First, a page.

What is clutch control

What is clutch control?

When you start your driving lessons, mastering clutch control can be tricky. It’s an area that pupils tend to struggle in, so get as much practice as possible. Here we go through some techniques and reminders to help you master clutch control.

How does a car clutch work?

The clutch consists of two friction plates, these plates move apart when the clutch pedal is fully pressed down. By doing this, the engine is disconnected from the wheels. This prevents any of the engine’s power being transmitted to the wheels of the car. Therefore, when the clutch pedal is released, the two plates can then move back together, allowing the engine’s power to transfer to the wheels. This is known as the biting point. As you release the clutch pedal more fully, you will notice that more power will be transmitted from the engine to the wheels because they are moving closer together. Once your foot has completely released the clutch pedal, the two plates will lock so that all of the engine’s power is sent to the wheel.

Use of clutch

As you may well know, correct use of the clutch has a key part to play in operating a vehicle. Below are the things that a clutch can be used for:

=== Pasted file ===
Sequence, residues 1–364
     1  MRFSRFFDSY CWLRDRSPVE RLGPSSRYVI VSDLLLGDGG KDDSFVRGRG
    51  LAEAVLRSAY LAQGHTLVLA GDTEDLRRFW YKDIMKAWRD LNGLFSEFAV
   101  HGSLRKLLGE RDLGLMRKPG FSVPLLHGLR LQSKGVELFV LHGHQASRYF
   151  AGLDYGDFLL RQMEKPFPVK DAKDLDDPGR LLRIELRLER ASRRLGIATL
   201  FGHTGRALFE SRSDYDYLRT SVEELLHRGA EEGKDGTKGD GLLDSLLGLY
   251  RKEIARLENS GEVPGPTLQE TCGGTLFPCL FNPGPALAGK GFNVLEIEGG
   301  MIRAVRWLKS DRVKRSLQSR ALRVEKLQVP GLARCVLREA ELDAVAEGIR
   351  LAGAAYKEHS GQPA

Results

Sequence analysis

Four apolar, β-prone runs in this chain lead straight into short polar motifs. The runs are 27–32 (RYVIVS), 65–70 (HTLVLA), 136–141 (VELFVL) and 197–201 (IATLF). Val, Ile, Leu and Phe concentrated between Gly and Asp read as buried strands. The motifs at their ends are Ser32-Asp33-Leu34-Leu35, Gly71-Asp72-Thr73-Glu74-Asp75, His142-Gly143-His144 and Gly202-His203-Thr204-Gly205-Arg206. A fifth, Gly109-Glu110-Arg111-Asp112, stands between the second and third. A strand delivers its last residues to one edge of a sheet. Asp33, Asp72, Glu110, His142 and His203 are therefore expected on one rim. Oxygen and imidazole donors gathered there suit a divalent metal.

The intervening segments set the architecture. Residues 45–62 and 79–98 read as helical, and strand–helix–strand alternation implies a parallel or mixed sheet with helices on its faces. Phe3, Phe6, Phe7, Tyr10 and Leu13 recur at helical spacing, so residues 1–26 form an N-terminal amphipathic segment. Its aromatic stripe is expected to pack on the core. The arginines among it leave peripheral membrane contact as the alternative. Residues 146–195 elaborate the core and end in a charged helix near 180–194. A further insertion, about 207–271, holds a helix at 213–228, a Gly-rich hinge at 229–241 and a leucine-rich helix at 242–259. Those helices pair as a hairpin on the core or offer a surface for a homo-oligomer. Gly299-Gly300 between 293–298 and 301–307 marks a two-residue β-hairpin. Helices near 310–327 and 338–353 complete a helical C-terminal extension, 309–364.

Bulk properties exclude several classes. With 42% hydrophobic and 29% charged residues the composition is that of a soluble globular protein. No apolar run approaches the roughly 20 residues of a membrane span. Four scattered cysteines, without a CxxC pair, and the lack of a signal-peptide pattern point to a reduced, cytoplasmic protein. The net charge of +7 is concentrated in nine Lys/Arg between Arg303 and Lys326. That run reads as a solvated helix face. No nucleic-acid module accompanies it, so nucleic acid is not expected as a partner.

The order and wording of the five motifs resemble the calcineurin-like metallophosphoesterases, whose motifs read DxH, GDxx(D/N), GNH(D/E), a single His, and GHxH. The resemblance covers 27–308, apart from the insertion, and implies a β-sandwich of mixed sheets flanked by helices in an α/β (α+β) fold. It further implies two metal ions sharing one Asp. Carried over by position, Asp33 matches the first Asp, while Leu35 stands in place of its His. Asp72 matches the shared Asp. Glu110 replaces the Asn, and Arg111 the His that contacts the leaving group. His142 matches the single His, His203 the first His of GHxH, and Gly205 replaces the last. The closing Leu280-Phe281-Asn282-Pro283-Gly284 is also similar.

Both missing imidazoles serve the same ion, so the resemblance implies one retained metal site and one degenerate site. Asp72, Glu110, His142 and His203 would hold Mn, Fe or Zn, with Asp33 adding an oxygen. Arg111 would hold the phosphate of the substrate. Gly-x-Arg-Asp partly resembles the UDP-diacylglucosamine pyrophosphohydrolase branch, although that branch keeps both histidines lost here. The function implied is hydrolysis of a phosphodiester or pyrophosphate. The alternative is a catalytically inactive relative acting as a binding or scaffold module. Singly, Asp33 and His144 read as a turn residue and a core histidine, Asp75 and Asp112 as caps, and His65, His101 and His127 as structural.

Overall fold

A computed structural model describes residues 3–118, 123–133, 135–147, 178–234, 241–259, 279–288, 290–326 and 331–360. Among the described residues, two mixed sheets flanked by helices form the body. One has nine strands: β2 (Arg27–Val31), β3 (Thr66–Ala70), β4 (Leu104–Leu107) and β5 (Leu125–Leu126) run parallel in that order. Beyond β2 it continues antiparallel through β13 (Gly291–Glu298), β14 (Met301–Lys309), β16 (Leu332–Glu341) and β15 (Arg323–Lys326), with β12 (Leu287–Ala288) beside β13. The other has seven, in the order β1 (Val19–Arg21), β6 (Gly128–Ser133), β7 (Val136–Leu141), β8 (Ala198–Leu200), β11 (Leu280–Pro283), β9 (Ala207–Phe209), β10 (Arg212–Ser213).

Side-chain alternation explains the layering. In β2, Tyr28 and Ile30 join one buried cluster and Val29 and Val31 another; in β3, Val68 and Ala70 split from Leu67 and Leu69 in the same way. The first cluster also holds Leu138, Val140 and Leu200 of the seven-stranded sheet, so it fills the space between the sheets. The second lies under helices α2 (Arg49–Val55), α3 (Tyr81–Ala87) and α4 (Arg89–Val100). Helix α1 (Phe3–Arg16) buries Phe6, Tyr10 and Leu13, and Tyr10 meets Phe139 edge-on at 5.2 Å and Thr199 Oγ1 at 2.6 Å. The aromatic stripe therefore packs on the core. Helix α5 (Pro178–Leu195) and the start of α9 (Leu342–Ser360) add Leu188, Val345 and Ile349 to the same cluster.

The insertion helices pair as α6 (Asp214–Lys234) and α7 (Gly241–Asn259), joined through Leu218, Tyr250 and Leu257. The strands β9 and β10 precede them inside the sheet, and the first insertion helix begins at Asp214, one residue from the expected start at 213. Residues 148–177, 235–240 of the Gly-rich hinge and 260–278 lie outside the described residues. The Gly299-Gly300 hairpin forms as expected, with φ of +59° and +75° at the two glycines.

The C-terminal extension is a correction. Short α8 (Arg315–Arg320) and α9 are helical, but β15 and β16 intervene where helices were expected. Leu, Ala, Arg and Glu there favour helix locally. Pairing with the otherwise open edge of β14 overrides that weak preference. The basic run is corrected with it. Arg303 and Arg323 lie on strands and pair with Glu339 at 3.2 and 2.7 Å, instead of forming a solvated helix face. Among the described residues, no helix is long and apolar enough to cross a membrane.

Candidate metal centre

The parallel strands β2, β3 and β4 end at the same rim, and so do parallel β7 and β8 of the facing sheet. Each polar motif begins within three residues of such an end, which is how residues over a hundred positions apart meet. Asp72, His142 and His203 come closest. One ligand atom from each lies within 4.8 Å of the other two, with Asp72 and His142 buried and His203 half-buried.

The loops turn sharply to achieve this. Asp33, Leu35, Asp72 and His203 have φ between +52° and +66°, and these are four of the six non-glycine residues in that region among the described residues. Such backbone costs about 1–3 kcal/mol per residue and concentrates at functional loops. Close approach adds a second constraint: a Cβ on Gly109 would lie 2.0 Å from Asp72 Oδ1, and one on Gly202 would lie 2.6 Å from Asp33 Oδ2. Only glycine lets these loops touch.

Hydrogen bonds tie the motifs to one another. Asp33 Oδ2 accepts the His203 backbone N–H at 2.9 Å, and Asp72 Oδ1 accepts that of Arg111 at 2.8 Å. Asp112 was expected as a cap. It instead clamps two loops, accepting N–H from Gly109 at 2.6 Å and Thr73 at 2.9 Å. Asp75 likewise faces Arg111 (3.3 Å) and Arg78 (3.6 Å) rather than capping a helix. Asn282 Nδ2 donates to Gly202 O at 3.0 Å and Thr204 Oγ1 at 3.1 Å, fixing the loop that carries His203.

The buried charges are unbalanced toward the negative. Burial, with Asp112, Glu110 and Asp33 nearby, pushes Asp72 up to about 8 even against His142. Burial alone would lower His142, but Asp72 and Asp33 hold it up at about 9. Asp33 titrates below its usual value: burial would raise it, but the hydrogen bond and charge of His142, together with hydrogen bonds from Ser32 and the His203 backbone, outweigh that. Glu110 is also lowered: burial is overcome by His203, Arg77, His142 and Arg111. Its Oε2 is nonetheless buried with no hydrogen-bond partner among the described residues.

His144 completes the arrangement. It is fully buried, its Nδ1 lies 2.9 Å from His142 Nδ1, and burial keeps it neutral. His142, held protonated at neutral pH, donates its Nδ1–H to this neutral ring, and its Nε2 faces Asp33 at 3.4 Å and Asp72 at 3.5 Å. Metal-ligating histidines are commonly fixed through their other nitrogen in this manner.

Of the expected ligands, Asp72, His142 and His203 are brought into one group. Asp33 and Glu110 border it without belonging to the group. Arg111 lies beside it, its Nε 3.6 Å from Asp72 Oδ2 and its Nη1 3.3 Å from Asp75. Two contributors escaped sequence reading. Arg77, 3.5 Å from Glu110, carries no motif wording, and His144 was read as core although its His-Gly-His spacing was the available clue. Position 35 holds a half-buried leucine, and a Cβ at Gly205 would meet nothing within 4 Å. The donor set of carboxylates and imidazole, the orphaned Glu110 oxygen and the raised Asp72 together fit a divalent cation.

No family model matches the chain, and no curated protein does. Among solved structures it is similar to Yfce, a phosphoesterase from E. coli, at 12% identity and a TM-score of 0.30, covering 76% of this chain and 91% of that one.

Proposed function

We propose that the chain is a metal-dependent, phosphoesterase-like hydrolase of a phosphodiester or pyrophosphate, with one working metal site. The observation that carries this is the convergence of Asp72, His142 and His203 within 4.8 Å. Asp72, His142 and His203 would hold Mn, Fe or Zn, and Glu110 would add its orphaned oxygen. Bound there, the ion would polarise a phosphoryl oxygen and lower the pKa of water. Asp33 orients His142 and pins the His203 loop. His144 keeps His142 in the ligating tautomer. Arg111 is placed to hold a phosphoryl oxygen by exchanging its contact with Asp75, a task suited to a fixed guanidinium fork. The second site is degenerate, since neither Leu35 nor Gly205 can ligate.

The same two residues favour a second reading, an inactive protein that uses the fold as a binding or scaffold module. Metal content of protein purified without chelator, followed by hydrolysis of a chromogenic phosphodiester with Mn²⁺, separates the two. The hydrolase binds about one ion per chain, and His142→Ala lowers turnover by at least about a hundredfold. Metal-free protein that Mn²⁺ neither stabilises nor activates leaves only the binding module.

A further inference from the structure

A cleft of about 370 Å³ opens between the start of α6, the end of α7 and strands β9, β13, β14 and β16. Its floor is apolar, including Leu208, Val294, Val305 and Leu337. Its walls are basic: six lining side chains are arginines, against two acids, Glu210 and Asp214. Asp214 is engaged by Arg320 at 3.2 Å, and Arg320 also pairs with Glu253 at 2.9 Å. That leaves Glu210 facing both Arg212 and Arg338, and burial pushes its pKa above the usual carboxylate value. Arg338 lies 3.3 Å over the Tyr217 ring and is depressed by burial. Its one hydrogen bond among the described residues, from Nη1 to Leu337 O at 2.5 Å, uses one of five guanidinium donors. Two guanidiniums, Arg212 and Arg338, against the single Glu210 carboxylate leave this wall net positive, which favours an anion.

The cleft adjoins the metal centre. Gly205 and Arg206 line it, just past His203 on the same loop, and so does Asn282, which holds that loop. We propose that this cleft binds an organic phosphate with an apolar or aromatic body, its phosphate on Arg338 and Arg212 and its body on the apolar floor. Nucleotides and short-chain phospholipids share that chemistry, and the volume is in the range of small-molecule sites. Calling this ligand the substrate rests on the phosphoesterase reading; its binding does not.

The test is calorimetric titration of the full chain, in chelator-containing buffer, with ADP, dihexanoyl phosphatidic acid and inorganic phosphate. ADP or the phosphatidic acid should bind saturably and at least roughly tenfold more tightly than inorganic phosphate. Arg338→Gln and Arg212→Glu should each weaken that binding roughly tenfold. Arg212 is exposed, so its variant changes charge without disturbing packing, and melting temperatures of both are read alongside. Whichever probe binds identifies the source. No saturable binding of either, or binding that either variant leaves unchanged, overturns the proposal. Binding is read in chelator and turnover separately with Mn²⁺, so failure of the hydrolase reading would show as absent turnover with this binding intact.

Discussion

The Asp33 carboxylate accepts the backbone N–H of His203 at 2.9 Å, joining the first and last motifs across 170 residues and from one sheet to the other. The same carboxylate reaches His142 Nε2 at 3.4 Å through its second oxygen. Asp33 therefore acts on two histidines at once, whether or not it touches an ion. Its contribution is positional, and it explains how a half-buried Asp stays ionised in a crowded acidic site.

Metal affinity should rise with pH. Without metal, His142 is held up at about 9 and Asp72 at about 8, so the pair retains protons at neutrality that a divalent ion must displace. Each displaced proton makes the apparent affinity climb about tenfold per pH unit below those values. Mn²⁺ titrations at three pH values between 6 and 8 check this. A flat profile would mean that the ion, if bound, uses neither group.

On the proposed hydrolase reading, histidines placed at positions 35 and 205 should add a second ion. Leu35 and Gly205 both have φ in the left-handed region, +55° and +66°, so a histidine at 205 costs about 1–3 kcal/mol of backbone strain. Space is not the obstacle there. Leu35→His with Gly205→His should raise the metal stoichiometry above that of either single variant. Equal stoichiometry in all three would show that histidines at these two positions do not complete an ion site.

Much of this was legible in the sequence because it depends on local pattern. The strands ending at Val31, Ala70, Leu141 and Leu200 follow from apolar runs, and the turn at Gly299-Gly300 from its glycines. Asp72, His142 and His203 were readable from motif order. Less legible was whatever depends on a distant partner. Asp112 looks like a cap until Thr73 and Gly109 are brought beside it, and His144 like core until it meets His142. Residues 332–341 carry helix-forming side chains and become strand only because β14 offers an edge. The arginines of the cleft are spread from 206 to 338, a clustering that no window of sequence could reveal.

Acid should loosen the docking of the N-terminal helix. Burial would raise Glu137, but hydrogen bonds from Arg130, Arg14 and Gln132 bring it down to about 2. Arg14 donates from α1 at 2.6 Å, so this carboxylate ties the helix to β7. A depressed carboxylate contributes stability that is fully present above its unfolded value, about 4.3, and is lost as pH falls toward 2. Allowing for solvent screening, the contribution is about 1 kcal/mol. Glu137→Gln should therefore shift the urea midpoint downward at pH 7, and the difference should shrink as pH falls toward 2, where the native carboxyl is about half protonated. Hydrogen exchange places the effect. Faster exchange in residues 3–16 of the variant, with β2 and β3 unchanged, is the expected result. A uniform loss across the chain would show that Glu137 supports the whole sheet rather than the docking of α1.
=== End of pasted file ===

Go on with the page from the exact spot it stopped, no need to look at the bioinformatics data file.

• The clutch pedal is used to move from one gear to another whilst driving.
  • The clutch is used to control the car when coming to stop to prevent the car from stalling.
  • The clutch can be used to stop the car when travelling at slow speeds or carrying out manoeuvres by using a technique called clutch control. This is when the clutch pedal is only half engaged.

Clutch control tips

Now we all know how a clutch pedal works and what it can be used for, we can start to look at some clutch control tips to help perfect your clutch control. Practicing a hill start is a great way of mastering moving off in a car.

  1. Pick a nice quiet road that is uphill
  2. Press the clutch down and put the car into 1st gear.
  1. Slightly press the accelerator and use the clutch to find the biting point. The car will become louder and try to move forwards when the bite has been found.
  2. Complete your 360 observations.
  3. Release the handbrake.
  4. The car will then start to move, so practice dipping the clutch up and down to control the speed of the car (All of the time, keeping the gas steady). Try dipping the clutch up and down in very small movements to keep the cars speed as slow as possible. If the car slows down too much, raise the pedal slightly to increase the speed.